SEASON OF SNOW
Gin iro no sh?zun
From the creators of “Umizaru 2: Test of Trust”
The biggest hit film of 2006 (Japanese box office \7.1 billion)
Love and Adventure on the Roof of Japan!
Following his number one blockbuster hit of 2006, “Umizaru 2: Test of Trust”, which drew an audience of 5.35 million and earned $62 million at the box office, Eiichiro Hasumi takes his flair for high action storytelling from the depths of the ocean to the snow-capped peaks of the Japan Alps, with “Season of Snow”, an uplifting tale of frustration, hope and redemption.
“No Guts, No Glory. Go for it!”
“Overcoming great challenge” became the operative theme in the making of Season of Snow according to director, Eiichiro Hasumi. “It was an incredibly demanding project that really forced everyone on the staff to summon the best of their abilities, from writing a completely original screenplay to shooting in the very unpredictable and uncooperative elements of the Japan Alps. Earning the full cooperation of the township of Hakuba in Nagano Prefecture, the ski capital of Japan, Season of Snow was shot over a three-month period completely on location in Nagano, the Niseko ski resort in Hokkaido, famous for its powder snow, and in Canada for some of the film’s most spellbinding ski footage. Tasked with making a film that would surpass all expectations as spectacular visual entertainment, Hasumi gathered around him an expert crew to help him prepare 7,000, 10-ton trucks of snow and a full-fledged mogul ski course similar to that used at the 1998 Olympic Winter Games in Nagano. Top skiers from around the world came to lend credibility to the skiing action while the “Spidercam” crew flew in from Hollywood with their first ever collaboration in a Japanese production to provide groundbreaking camerawork, including the use of a special aerial ropeway system capable of sending a suspended camera through the air at breakneck speeds to capture skiing action like never before.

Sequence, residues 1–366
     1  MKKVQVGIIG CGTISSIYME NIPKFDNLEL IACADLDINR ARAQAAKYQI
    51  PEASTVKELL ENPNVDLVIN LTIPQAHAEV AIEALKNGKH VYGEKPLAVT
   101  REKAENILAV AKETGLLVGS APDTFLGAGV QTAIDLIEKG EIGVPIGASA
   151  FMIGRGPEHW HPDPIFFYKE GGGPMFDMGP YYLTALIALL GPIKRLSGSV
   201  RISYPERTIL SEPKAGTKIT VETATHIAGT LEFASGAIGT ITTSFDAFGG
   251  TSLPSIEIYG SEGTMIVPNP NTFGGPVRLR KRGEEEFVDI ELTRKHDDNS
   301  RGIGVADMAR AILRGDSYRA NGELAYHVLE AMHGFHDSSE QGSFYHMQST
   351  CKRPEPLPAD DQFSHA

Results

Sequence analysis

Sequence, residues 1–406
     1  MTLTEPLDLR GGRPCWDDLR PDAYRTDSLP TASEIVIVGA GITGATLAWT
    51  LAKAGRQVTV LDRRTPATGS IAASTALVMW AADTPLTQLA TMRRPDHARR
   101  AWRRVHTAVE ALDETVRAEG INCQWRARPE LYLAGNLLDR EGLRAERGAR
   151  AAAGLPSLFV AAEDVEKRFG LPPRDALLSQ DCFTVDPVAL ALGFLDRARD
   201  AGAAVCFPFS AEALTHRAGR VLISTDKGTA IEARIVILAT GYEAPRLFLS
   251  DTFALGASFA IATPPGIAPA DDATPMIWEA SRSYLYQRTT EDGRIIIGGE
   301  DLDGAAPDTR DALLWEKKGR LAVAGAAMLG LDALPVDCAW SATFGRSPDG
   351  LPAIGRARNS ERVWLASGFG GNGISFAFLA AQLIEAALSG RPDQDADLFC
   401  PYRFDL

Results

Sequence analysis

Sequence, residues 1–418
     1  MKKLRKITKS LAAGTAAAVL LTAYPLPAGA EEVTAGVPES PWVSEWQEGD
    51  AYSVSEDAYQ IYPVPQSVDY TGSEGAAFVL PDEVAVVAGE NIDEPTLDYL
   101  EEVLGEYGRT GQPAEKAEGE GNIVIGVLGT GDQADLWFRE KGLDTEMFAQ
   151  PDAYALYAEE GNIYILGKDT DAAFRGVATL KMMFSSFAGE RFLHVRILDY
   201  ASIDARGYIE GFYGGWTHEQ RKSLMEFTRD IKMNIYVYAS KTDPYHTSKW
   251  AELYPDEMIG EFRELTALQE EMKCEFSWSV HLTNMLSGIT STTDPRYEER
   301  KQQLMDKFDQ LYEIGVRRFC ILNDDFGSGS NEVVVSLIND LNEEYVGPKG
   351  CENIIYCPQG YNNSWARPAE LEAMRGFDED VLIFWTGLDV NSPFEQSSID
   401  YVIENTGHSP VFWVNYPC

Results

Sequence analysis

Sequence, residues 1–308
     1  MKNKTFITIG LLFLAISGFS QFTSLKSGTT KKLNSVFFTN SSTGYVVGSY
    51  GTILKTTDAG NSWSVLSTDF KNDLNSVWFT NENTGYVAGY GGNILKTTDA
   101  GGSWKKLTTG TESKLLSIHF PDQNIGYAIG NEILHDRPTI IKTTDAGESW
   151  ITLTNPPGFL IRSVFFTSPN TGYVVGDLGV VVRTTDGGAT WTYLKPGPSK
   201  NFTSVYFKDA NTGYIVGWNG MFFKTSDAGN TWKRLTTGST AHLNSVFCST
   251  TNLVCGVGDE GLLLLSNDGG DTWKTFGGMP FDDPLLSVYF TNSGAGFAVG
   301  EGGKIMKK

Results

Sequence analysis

The result was absolutely breathtaking.
A struggling town in the Japanese Alps finds itself in a desperate search for tourists to its publicly-run ski resort. Unable to compete with the swank resort on the other side of the mountain, local officials and inn owners have struck upon an idea to offer a wedding-and-ski package, complete with a wedding ceremony at a charming snow chapel they have built on the mountainside. The town welcomes its first customer in the beautiful Nanami Ayase (Rena Tanaka) who has arrived ahead of her fiance so she can learn to ski down the ceremonial “rice shower” slope without falling. The townsfolk’s biggest concern, however, lies with three young down-and-out local skiers who constantly disrupt life in the town with their skiing antics and shady schemes to wring money out of unsuspecting visitors. One of them is Gin Shiroyama, a former world class mogul champ who was the local hero until a terrible spill effectively ended his career. Feeling guilty for the tremendous pressure they placed on him, the townspeople have chosen to leave Gin alone, letting him get away with anything. But they’re quickly running out of patience. When Nanami hires Gin as her skiing instructor, it sets into motion a snowballing chain of events that could change everyone’s future for the better, if it doesn’t bury the town first.